Experts and teachers are increasingly emphasizing the benefits of reality-based learning. Educators have made real world application of mathmatical knowledge a key element of the new Common Core Standards now being adopted by California schools. Living Classroom supplies a rigorously tested Common Core curriculum to grades K-8.


 Grow the Next Generation of Environmental Stewards

Finishing-the-plantingLiving Classroom connects children with the natural world.

Our environmental problems are serious and our next generation will be key to solving them. Studies show that regular exposure to nature is a critical factor influencing people to become environmental stewards.  Yet children today spend less time in nature than previous generations. Who then will care for our world?
Living Classroom creates beautiful outdoor learning areas on school campuses and brings children out to our learning gardens every day. Our program thrives in schools serving all different demographics, but we are particularly proud of our accomplishments in schools serving low-income families. Low income-families often do not have back yard gardens or cars to drive to open space. Their time and money-stressed parents often use the TV or Game Boy as a babysitter.

Nature Deficit Disorder: A lack of routine contact with nature can lead to stunted academic and developmental growth. This unwanted side-effect of the electronic age is called Nature Deficit Disorder (NDD). The term was coined by author Richard Louv in his book Last Child in the Woods to explain how our societal disconnect with nature is affecting today's children. Louv says we now have a largely plugged-in culture that draws kids indoors. The average child sits more than six hours a day inside looking at an electronic screen and snacking. As a result, the healthy and decompressing outdoor play experience many adults had as children is becoming a thing of the past. Technology will continue to play and important role in children’s educational and social lives. But the amount of time kids spend “plugged in” is seriously out of balance. This shift has deep implications for our children’s capacity to function well in society, starting with their core readiness to learn in the classroom. But, as Louv presents in his book, the agrarian, nature-oriented existence hard-wired into human brains isn’t quite ready for the overstimulating environment we’ve carved out for ourselves. Some children adapt. Those who don’t develop the symptoms of NDD, which include attention problems, obesity, anxiety, and depression. Nature-deficit disorder is not a medical condition; it is a description of the human costs of alienation from nature. This alienation damages children and shapes adults, families, and communities. There are solutions, though, and they’re right in our own backyards and school yards. Offering sufficient outdoor time improves the overall health of our children while lengthening attention spans, diminishing aggressiveness, improving test scores and ultimately advancing learning.  The Living Classroom helps  restore a balance of green time and screen time to children’s lives. See http://www.slideshare.net/NationalWildlife/time-outwithbot-activities for more information and articles on this topic.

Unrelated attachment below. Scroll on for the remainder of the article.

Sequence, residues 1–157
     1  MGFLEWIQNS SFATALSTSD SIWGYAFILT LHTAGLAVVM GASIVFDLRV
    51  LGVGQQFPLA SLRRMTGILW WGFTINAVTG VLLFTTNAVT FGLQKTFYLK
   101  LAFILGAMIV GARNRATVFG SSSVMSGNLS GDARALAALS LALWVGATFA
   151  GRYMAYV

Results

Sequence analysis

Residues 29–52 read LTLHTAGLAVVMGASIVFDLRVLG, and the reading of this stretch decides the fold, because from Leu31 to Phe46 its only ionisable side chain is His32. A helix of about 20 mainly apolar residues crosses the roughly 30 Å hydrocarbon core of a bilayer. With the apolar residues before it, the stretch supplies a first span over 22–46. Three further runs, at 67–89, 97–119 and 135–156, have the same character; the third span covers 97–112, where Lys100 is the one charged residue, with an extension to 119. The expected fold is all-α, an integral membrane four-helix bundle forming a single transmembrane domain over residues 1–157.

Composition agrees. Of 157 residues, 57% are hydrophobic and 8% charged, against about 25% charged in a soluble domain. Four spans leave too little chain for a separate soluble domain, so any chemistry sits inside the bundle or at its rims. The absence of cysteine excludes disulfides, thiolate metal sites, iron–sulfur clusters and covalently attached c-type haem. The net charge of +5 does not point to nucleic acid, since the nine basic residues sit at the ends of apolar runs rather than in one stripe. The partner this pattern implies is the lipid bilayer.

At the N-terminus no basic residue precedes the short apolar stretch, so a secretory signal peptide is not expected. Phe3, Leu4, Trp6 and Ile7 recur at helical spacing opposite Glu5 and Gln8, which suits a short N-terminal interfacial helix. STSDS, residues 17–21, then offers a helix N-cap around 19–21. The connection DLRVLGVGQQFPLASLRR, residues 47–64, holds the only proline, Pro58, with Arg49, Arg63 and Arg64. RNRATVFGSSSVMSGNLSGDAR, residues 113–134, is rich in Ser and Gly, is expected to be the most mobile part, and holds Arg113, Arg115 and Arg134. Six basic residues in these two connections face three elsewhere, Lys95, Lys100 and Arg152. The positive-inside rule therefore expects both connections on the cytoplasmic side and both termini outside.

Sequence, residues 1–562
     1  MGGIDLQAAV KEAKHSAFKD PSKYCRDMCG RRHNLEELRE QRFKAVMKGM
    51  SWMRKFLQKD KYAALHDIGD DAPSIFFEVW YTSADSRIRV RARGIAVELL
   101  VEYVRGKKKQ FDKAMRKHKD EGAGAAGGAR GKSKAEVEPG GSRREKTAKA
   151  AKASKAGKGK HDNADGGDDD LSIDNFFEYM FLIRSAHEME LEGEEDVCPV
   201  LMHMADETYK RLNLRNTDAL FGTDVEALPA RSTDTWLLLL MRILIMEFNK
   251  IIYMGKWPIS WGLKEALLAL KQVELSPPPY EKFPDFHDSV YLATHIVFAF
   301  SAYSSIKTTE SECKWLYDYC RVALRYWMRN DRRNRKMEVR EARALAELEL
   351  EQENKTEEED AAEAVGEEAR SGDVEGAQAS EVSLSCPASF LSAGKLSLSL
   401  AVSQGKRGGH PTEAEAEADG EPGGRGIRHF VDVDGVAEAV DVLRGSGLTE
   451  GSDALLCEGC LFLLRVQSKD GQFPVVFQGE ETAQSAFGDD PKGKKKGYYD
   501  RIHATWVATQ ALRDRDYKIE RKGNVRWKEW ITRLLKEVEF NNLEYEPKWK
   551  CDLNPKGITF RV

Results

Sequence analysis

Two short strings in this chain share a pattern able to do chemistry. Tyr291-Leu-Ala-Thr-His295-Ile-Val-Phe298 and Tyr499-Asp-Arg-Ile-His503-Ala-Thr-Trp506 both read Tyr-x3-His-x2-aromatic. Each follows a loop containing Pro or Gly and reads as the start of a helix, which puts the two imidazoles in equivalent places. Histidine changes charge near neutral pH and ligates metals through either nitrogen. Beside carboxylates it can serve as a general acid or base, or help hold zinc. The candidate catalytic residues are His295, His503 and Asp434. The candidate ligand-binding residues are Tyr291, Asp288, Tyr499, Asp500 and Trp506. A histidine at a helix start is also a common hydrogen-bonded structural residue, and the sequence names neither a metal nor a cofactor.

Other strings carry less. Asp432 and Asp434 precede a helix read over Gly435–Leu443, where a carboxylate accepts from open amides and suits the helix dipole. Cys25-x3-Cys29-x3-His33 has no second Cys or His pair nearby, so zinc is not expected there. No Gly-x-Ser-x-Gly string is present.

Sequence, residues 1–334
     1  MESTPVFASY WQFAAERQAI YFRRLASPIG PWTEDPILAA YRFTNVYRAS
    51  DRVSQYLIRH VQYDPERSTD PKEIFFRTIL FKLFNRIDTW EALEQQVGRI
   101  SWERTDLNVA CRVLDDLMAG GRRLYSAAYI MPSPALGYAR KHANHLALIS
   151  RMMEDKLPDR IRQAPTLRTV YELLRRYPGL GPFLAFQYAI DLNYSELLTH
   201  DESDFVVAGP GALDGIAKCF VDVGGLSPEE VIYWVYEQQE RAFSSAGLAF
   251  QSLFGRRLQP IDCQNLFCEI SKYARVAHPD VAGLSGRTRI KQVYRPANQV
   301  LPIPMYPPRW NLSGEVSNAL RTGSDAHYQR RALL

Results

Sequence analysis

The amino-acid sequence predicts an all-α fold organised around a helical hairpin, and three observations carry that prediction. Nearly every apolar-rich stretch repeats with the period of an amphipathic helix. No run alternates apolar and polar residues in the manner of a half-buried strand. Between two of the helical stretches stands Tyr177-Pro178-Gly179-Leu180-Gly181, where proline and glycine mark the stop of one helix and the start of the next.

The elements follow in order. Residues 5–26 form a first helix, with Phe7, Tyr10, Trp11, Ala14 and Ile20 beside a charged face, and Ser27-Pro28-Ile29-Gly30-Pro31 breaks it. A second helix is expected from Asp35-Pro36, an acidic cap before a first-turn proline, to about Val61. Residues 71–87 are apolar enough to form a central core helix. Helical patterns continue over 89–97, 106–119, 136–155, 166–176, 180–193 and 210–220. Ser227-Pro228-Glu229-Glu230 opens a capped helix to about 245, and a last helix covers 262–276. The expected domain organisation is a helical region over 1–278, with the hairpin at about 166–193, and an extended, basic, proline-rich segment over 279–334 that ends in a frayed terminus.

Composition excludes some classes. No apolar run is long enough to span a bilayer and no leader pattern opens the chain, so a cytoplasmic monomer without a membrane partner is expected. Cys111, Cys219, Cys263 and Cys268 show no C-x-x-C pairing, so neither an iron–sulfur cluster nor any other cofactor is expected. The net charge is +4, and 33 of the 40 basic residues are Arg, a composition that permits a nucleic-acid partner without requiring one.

Develop a Love of Healthy Eating

Oak-School-Edible-Garden-makinga-cabbage-salad Research shows that one of the best ways to build a love of healthy food in children is to bring them into the garden where their food grows. Unfortunately, many children and their families are eating mainly processed foods with unnatural and unhealthy ingredients.

School gardens Help Reduce Child Obesity; Connects Kids to the Source of their Food. According to the Western Growers Association, “The state of California is experiencing a major health crisis as the number of overweight and obese youth is growing at an epidemic rate. Approximately one in three children is overweight or at risk of being overweight, and almost 40 percent of school-aged children are considered unfit. The number of weight-related chronic diseases such as diabetes is of great concern to health care professionals, and the need for prevention education is critical. Garden programs work to combat this epidemic by teaching youth about healthy lifestyles including proper nutrition and physical activity.”
A diet full of processed foods, usually including an overdose of sugar, not only leads to poor nutrition and often obesity, but also disconnects children from where their food really comes from. Many students, when asked this question, reply that food comes from the store. Many do not know that carrots are roots, lettuce is a leaf, broccoli is collection of flower buds or that potatoes are tubers that grow in the ground. Many do not know that fruits, vegetables, and whole grains are critically important to a healthy diet.
Living Classroom lessons bring students front row and center to the sources of healthy food when they plant, harvest and eat from their school garden. Starting in Kindergarten, students learn about many different fruits and vegetables. They learn about companion planting through a Three Sisters Garden lesson.  They learn about important staple crops to some of the earliest civilizations around the Mediterranean. They learn a healthy appreciation for how much effort it took early wheat farmers to process their grain into flour, and many other lessons about natural, healthy and delicious food.
Studies have shown that after garden lessons like these children are more willing to eat fruit and vegetable snacks.  Research also shows that eating produce as children is an important predictor of higher fruit and vegetable consumption as adults and can help to prevent obesity and other chronic disease conditions.




For inquiries and information about how you can become a Volunteer Docent  for Living Classroom.


Our Community Partners